Eric (Donnie Wahlberg) is trapped in a pitch black bathroom with his leg chained to a pipe and only the light of a hand torch to see by. He manages to reach both the torch and the nearby pistol with the help of his boot, but the pistol is empty and he looks around for a way to get free, noticing with dread the saw next to him. He tries and fails to cut through the chain, then contemplates removing his foot, but can't face it. Then he hits upon another idea: break his ankle and slip the appendage from the shackle. This he does, and meanwhile the police are searching for him, but have no leads. His colleague Kerry (Dina Meyer) is at the scene of another twisted set up from the Jigsaw killer (Tobin Bell) where a man has been blown up in a sealed room, but she doesn't know exactly how deep into the plotting she will become...
After the success of twisty horror Saw, two sequels were ordered back to back, and this was the second of those, proving to be every bit the hit as well. It was scripted by the two men behind the original, Leigh Whannell and James Wan (on story duties), but if you were hoping for a return to ingenuity after the disappointing Saw II, then you should have prepared yourself for a letdown as there were very few surprises contained in this one. Even the big revelations at the end provoke little more than a shrug, but still the franchise marched its grim way forward, with a Saw IV ordered hot on the heels of this instalment.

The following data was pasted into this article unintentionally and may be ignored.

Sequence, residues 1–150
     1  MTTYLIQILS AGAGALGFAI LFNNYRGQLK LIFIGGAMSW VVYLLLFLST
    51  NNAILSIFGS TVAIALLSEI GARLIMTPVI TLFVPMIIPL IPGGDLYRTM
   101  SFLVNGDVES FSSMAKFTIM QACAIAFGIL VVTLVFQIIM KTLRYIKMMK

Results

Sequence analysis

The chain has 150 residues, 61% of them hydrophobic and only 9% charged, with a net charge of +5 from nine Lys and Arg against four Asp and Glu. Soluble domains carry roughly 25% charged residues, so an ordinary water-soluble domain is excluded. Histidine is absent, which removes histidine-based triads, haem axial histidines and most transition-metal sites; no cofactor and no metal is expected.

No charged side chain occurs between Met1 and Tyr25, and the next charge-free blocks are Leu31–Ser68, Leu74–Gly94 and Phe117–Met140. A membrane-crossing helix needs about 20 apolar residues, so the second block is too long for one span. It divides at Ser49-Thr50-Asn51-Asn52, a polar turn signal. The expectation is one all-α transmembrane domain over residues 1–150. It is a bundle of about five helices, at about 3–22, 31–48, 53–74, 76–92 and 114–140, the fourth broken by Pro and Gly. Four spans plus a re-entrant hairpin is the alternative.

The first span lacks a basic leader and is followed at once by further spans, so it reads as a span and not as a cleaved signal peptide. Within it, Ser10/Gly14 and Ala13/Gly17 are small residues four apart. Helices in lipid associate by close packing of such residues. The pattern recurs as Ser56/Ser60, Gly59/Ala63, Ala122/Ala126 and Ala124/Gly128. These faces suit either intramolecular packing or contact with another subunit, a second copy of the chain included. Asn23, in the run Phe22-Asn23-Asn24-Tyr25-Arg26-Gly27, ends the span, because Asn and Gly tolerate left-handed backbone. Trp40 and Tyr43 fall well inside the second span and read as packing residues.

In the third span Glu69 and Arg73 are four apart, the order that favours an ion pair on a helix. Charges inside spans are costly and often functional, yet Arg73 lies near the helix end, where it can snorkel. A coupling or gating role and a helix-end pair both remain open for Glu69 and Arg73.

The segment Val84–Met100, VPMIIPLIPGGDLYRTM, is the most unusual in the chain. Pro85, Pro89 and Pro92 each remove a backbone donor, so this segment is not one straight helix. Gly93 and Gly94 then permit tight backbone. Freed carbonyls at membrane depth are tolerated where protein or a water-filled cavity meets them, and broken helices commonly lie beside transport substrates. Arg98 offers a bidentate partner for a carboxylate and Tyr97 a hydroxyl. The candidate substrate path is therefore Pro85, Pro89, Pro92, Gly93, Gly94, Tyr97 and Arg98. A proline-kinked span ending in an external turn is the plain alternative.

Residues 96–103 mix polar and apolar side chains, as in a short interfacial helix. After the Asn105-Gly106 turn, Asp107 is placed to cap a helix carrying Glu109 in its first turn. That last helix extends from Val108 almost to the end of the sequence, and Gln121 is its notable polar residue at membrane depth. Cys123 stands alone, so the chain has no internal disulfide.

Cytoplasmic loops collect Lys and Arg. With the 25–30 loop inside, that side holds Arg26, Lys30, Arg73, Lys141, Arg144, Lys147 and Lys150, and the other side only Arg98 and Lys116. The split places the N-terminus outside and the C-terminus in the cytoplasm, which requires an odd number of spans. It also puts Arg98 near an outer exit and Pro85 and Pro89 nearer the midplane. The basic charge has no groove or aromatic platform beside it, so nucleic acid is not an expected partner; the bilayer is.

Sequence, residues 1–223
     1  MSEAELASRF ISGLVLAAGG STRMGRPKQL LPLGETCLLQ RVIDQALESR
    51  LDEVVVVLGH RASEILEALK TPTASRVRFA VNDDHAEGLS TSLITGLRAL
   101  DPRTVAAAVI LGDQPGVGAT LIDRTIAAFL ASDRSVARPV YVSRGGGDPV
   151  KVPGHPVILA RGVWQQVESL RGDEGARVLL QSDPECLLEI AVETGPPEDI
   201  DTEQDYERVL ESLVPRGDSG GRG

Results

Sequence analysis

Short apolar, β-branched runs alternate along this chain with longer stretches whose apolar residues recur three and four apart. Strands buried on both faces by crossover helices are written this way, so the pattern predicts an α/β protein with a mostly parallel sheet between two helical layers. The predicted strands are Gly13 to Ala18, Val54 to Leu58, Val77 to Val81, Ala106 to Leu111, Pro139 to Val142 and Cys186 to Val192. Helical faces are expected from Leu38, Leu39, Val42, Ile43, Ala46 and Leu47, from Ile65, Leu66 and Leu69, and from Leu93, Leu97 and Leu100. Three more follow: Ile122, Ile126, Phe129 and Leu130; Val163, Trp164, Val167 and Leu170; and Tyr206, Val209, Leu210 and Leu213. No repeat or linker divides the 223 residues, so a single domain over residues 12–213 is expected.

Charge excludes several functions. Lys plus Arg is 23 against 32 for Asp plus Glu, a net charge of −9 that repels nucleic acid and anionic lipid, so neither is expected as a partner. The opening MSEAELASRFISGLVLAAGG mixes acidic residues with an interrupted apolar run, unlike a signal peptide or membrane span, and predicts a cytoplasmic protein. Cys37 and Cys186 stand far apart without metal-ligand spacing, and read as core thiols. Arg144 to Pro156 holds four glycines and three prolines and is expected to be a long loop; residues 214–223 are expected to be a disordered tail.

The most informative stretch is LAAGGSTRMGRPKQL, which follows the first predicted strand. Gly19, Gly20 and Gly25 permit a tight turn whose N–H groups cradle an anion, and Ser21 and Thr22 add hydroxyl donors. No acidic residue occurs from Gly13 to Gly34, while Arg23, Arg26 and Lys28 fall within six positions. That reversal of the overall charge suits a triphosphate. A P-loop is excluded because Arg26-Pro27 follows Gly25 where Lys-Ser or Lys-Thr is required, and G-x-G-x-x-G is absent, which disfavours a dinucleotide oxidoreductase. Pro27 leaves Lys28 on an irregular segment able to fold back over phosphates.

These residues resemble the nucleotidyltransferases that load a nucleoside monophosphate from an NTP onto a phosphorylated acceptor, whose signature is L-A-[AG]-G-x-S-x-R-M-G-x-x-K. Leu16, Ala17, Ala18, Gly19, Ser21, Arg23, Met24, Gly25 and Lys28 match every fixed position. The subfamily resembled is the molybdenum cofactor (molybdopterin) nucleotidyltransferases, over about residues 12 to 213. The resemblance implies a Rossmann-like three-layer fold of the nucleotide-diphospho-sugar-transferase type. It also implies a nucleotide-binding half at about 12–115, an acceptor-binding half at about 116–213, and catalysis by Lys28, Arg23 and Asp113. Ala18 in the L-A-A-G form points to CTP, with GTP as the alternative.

For a change, the police play very little part this time around, with our best hope of tracking down Jigsaw dispatched with in the first fifteen minutes, indeed, this film seems to feature about five different beginnings leading to bumpy first half hour that struggles to settle. Eventually, we are offered the tale of a young doctor, Lynn (Bahar Soomekh), who is having marital problems and is kidnapped from work by Jigsaw's right hand woman, Amanda (Shawnee Smith). This is because the villain is dying from a brain tumour that he wants Lynn to operate on, but of course she has to be persuaded with a collar covered in explosives that will go off when Jigsaw's heart rate monitor flatlines. A tricky situation made more perilous by the fact that the instruments she's offered are more D.I.Y. than operating theatre, and Amanda is growing increasingly unhinged.
As all this is going on, Jigsaw has set up his own complex puzzle for grieving dad Jeff (Angus Macfadyen) to work out the frustrations he feels about his son's death and the lack of justice for him - it was an accident, after all, but Jeff wants someone to pay. He ends up in a maze faced with people who are in some way responsible, including possibly the most thankless role in 2000s horror, a woman hung up naked in a freezer (Debra McCabe is that brave actress). Jeff is somehow connected to the Lynn story, but how? He's also connected to Jigsaw, because no matter how he goes on about forgiveness the baddie and Jeff are both struggling to accept death, with Jigsaw facing his own and Jeff his son's. Fortunately, there aren't as many tedious speeches from the mastermind as there were in the first sequel, but it all seems so pointless, except as a money making exercise, that the best reaction is "so what?" Music by Charlie Clouser.